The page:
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Sbc Communications Inc

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BUSINESS
March 12, 2004
* California's dominant local phone company, SBC Communications Inc., paid Chief Executive Edward Whitacre $19.5 million in 2003, including a $5.7-million bonus.
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BUSINESS
July 13, 2006 | From Reuters
A federal judge Wednesday expressed doubts about government settlements reached last year that permitted SBC Communications Inc. to buy AT&T Corp. and Verizon Communications Inc. to acquire MCI Inc. U.S. District Judge Emmet Sullivan said at a hearing that he might hold further proceedings and call witnesses to make sure that the antitrust settlements reached with the companies went far enough to resolve concerns about competition.
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BUSINESS
January 7, 2005
SBC Communications Inc. announced that it would offer a bundle of Internet-based services, including television and voice service, under the "SBC U-Verse" brand name this year.
BUSINESS
November 19, 2005 | From Associated Press
SBC Communications Inc. completed its purchase of former parent AT&T Corp. on Friday after California regulators removed the final hurdle for the $16-billion deal. The California Public Utilities Commission also gave its consent to Verizon Communications Inc.'s planned purchase of MCI Inc. for about $7.5 billion, although that deal is still awaiting approval in other states.
BUSINESS
June 16, 2001 | Bloomberg News
U.S. regulators said they have expanded an investigation into why SBC Communications Inc. filed false information as it sought government approval to sell long-distance phone service in Kansas and Oklahoma. The second-largest U.S. local phone company may face fines or be required to stop providing long-distance services in those states. The Federal Communications Commission disclosed its review in a brief with the U.S. District Court of Appeals for the District of Columbia.
BUSINESS
April 9, 2002 | JUBE SHIVER Jr., TIMES STAFF WRITER
An executive of SBC Communications Inc. testified Monday that antitrust penalties sought by nine states against Microsoft Corp. would prevent the software giant from controlling an emerging market of Internet communications products. But Microsoft lawyers fired back by painting SBC as a powerful phone monopoly that wants to dominate a service to provide consumers access to voicemail, e-mail and faxes from any telephone.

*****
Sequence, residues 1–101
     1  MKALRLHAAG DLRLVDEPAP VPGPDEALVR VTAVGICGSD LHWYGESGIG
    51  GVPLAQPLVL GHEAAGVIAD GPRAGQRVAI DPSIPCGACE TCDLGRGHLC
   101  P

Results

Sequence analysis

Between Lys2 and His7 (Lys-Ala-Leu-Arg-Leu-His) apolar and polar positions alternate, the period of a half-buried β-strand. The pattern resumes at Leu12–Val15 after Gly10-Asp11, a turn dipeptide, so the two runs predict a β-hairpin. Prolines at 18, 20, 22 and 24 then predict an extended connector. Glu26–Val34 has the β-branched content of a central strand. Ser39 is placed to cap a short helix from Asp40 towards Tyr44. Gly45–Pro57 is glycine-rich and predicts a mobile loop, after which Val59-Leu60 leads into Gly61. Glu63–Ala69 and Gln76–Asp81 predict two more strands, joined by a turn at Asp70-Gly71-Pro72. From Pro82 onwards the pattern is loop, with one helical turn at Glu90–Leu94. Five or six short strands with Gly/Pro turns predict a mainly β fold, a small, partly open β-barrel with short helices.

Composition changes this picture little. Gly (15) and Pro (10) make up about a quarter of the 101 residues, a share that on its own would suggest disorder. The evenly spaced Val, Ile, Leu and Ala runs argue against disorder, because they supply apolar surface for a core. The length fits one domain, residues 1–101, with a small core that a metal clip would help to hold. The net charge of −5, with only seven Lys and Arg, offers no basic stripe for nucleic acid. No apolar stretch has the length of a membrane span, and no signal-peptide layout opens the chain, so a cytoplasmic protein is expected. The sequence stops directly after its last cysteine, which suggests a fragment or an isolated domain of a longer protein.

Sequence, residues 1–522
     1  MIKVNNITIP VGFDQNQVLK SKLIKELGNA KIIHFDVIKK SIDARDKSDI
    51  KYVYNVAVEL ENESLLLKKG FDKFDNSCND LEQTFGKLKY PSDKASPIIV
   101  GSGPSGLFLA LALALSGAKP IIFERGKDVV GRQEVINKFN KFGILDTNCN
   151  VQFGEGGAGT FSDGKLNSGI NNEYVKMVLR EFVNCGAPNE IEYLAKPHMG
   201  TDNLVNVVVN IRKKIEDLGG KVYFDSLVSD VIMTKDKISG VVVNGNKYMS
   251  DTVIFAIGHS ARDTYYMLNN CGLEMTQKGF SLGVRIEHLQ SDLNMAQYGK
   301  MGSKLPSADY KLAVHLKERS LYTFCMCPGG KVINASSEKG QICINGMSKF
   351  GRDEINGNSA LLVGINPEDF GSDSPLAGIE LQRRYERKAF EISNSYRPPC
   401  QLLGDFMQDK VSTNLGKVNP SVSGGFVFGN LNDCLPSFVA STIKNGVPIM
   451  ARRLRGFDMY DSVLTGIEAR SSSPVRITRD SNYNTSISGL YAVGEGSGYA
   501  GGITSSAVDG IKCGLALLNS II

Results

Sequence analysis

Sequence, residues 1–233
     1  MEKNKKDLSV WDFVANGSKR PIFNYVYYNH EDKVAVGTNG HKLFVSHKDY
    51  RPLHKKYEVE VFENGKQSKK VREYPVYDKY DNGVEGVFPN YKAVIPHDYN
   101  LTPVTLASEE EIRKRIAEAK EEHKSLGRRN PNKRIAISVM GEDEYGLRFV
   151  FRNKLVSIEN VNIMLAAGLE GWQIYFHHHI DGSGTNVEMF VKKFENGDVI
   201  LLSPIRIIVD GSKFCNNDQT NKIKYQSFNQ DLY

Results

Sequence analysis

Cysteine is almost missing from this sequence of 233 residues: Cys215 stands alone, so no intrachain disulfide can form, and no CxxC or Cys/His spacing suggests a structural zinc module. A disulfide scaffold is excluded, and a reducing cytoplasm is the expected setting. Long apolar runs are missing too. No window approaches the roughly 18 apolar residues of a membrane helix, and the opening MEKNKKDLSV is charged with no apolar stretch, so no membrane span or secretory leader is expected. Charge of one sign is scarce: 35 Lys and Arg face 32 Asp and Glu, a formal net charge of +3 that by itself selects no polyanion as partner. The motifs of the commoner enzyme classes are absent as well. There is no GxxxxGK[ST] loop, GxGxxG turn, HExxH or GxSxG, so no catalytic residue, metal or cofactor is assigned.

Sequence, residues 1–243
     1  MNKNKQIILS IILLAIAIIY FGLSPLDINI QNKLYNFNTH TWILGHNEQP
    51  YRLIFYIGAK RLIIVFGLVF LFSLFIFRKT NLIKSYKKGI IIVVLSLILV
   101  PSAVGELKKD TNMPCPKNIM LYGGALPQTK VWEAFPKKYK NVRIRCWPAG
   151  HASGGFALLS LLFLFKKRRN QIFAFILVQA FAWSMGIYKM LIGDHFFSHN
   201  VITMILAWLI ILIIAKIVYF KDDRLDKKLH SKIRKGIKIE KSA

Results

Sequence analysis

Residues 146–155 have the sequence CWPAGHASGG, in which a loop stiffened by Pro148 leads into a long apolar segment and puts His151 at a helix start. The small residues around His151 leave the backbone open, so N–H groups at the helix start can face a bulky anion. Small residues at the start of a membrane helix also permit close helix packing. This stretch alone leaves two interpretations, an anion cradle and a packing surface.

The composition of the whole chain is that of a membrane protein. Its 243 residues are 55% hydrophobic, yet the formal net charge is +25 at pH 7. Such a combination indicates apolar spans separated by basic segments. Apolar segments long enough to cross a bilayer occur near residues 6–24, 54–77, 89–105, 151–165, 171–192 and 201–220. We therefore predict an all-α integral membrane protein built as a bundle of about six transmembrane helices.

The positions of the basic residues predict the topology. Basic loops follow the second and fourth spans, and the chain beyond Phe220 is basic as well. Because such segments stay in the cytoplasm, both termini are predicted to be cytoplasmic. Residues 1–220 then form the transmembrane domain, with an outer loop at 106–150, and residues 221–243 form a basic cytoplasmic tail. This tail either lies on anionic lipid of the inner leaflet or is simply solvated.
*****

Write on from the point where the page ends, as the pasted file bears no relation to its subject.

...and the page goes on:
BUSINESS
May 22, 1998
* SBC Communications Inc. said Texas regulators rejected its application to offer long-distance services to its customers in the state, saying the local phone market isn't fully open to competitors. The Baby Bell, whose main subsidiaries are Southwestern Bell Telephone Co. and Pacific Bell, also said California regulators extended review of its long-distance application until Oct. 1.
BUSINESS
July 18, 2003 | From Dow Jones / Associated Press
SBC Communications Inc. filed applications to provide long-distance service in four Midwestern states. If approved along with a separate application pending for Michigan, the company would have permission to provide long-distance service across its entire region. The new applications are for Illinois, Wisconsin, Indiana and Ohio.
BUSINESS
March 20, 2004 | From Bloomberg News
SBC Communications Inc., the second-biggest U.S. local-phone company, said it would save as much as $600 million a year by charging retirees more for healthcare, starting next year. Shares of SBC fell 8 cents to $24.62 on the New York Stock Exchange.
BUSINESS
July 1, 2005 | From Associated Press
AT&T Corp. shareholders approved the company's $16-billion acquisition by SBC Communications Inc., which would create one of the world's largest phone companies. The merger has won regulatory approval in 26 states and still needs OKs from 10 additional states and the federal government. If it is approved, closing is expected late this year or early next year.
BUSINESS
November 11, 2005 | From Associated Press
AT&T Corp. Chief Executive David Dorman confirmed expectations Thursday that he would not stay on long after AT&T's acquisition by SBC Communications Inc., opting for $10.3 million in severance pay and a lucrative consulting contract rather than a subordinate post at the combined company. Dorman, 51, also chairman of AT&T, will serve as president of the merged company and a member of its board "for a brief transition period," after which he will resign from both positions, SBC said. Edward E.